AllenAct: A Framework for Embodied AI Research
The domain of Embodied AI, in which agents learn to complete tasks through interaction with their environment from egocentric observations, has experienced substantial growth with the advent of deep reinforcement learning and increased interest from the computer vision, NLP, and robotics communities. This growth has been facilitated by the creation of a large number of simulated environments (such as AI2-THOR, Habitat and CARLA), tasks (like point navigation, instruction following, and embodied question answering), and associated leaderboards. While this diversity has been beneficial and organic, it has also fragmented the community: a huge amount of effort is required to do something as simple as taking a model trained in one environment and testing it in another. This discourages good science. We introduce AllenAct, a modular and flexible learning framework designed with a focus on the unique requirements of Embodied AI research. AllenAct provides first-class support for a growing collection of embodied environments, tasks and algorithms, provides reproductions of state-of-the-art models and includes extensive documentation, tutorials, start-up code, and pre-trained models. We hope that our framework makes Embodied AI more accessible and encourages new researchers to join this exciting area. The framework can be accessed at: this https URL
Active Object Perceiver: Recognition-Guided Policy Learning for Object Searching on Mobile Robots
We study the problem of learning a navigation policy for a robot to actively search for an object of interest in an indoor environment solely from its visual inputs. While scene-driven visual navigation has been widely studied, prior efforts on learning navigation policies for robots to find objects are limited. The problem is often more challenging than target scene finding as the target objects can be very small in the view and can be in an arbitrary pose. We approach the problem from an active perceiver perspective, and propose a novel framework that integrates a deep neural network based object recognition module and a deep reinforcement learning based action prediction mechanism. To validate our method, we conduct experiments on both a simulation dataset (AI2-THOR)and a real-world environment with a physical robot. We further propose a new decaying reward function to learn the control policy specific to the object searching task. Experimental results validate the efficacy of our method, which outperforms competing methods in both average trajectory length and success rate.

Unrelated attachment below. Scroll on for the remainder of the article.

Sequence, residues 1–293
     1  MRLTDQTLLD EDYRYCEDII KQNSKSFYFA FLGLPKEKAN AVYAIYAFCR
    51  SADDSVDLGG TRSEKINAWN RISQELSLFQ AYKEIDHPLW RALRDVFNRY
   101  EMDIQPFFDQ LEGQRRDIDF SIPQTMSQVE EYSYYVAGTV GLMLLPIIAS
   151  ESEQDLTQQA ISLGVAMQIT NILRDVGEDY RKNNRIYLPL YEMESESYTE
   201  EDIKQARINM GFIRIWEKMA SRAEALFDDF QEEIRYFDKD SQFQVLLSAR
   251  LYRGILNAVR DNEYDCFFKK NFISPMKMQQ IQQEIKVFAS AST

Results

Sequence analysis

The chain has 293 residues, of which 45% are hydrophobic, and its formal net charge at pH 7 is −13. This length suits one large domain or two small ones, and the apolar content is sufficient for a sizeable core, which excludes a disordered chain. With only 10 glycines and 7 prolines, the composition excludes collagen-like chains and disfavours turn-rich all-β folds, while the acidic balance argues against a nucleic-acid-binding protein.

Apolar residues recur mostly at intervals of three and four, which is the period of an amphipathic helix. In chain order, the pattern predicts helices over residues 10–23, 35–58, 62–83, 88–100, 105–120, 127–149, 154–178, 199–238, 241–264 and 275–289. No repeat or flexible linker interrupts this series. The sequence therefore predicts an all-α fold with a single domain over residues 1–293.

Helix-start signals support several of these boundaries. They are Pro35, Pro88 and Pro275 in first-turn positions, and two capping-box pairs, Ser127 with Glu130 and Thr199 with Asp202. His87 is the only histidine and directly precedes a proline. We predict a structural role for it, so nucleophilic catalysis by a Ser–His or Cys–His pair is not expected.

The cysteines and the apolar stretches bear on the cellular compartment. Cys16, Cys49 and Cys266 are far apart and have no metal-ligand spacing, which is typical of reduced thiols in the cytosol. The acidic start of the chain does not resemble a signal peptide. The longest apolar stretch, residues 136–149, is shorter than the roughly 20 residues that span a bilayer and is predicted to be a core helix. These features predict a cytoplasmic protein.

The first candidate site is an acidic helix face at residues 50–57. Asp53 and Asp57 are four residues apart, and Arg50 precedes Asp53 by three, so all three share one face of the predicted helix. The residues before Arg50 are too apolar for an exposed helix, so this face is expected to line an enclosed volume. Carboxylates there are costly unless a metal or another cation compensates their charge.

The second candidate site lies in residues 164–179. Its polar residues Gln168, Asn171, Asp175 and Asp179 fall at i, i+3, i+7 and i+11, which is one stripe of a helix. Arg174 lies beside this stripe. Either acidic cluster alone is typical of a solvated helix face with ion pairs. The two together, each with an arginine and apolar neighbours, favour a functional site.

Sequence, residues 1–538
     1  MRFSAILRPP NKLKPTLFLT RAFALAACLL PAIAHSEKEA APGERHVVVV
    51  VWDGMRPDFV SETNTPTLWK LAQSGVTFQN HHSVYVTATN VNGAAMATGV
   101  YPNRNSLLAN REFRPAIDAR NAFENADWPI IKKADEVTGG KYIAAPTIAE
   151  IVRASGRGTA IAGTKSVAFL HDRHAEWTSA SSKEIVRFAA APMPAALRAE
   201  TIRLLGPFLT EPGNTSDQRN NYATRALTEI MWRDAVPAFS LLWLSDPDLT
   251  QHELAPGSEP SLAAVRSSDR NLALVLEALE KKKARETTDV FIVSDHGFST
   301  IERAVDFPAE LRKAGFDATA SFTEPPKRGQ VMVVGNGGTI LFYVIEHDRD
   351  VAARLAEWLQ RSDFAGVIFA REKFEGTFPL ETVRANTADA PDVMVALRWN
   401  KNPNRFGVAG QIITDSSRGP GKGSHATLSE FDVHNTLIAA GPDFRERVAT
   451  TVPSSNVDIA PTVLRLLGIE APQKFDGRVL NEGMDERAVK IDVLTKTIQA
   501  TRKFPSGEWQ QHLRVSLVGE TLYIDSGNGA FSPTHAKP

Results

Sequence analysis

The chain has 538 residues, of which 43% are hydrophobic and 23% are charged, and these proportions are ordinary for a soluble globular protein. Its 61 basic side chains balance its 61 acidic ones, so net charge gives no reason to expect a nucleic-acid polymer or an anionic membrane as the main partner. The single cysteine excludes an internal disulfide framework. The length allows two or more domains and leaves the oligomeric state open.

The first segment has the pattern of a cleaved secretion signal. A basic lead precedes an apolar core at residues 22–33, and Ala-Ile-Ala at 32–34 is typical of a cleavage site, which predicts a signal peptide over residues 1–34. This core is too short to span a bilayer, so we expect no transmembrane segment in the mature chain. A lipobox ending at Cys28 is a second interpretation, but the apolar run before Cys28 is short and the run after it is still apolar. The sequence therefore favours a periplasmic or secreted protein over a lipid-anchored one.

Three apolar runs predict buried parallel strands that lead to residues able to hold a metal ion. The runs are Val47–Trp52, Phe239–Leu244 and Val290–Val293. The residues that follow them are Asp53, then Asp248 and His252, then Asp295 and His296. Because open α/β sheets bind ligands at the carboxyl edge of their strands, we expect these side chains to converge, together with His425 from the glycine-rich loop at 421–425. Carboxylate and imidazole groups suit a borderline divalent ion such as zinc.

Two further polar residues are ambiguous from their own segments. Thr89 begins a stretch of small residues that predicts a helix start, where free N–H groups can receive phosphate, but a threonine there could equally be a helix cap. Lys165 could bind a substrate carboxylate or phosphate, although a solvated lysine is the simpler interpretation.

RoboCSE: Robot Common Sense Embedding
Autonomous service robots require computational frameworks that allow them to generalize knowledge to new situations in a manner that models uncertainty while scaling to real-world problem sizes. The Robot Common Sense Embedding (RoboCSE) showcases a class of computational frameworks, multi-relational embeddings, that have not been leveraged in robotics to model semantic knowledge. We validate RoboCSE on a realistic home environment simulator (AI2-THOR) to measure how well it generalizes learned knowledge about object affordances, locations, and materials. Our experiments show that RoboCSE can perform prediction better than a baseline that uses pre-trained embeddings, such as Word 2Vec, achieving statistically significant improvements while using orders of magnitude less memory than our Bayesian Logic Network baseline. In addition, we show that predictions made by RoboCSE are robust to significant reductions in data available for training as well as domain transfer to MatterPort3D, achieving statistically significant improvements over a baseline that memorizes training data.